As I watch the Hub pet Monty while talking roofs and walls and how to live in a house with no running water or floors, I feel we are all going to be okay. I feel like it’s a yellow tent moment. We’ve pitched our tents and wait for the stars to come out. My tent is yellow. The color of sunshine and hope.

August 2, 2018, prompt: In 99 words (no more, no less) write a story that includes a yellow tent. Where is it and who does it belong to? Think of how the color adds to the story. Go where the prompt leads.

Respond by August 7, 2018. Use the comment section below to share, read and be social. You may leave a link, pingback or story in the comments.

Wanting to Hide (from Miracle of Ducks) by Charli MIlls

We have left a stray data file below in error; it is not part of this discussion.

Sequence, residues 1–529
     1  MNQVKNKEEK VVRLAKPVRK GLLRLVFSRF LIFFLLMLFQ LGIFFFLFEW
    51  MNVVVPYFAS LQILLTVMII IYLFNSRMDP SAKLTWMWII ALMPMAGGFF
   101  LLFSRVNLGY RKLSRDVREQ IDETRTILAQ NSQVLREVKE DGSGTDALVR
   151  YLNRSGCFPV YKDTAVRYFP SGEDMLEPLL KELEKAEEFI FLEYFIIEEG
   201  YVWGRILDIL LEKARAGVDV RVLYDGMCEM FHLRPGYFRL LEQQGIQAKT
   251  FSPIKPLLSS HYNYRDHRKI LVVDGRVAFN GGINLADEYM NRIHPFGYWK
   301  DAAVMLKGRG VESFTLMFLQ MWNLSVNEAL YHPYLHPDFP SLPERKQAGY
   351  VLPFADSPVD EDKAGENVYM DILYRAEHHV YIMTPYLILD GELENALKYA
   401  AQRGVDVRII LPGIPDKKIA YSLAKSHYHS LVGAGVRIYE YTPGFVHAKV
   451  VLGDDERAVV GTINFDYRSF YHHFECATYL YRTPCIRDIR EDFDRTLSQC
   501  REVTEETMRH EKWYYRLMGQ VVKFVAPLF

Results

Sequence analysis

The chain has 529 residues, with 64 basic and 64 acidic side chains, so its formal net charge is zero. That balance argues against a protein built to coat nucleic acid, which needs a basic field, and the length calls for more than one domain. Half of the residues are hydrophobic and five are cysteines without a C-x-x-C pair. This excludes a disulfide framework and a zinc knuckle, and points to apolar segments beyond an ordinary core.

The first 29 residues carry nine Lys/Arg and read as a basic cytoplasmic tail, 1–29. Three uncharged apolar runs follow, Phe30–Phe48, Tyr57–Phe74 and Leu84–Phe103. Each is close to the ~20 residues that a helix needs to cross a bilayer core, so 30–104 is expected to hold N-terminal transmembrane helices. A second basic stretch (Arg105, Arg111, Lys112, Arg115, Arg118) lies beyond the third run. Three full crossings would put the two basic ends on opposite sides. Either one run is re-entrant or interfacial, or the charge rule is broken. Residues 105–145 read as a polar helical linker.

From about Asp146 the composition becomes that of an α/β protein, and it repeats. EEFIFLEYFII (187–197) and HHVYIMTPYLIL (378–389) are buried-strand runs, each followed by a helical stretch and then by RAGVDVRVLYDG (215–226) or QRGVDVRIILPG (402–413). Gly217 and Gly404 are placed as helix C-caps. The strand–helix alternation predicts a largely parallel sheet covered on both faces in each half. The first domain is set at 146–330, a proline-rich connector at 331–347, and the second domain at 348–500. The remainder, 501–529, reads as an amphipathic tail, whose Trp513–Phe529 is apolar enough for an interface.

Danni unzipped her tent. Vapors rose from the creek where it meandered smooth and flat across a meadow dotted with daisies. The sun cast colors across the eastern horizon of sharp mountains. She checked each boot, a habit from growing up in Nevada where scorpions liked to take refuge in a cozy shoe. The feel of laced boots gave her confidence to face the day. The volunteers would soon be arriving to camp. Ike had always teased her about how bright yellow her tent was – “Astronauts in space can spot it.” Today, she wished she had his camo tent.

July 19: Flash Fiction Challenge

White-washed buildings gleam beneath a blue sky streaked with high clouds. They’re the kind of clouds that don’t do much more than add brush strokes to a painting. No humidity. No heatwave. No black flies. Sunshine rests comfortably on my head as I carry a box of books and my computer to the western garrison.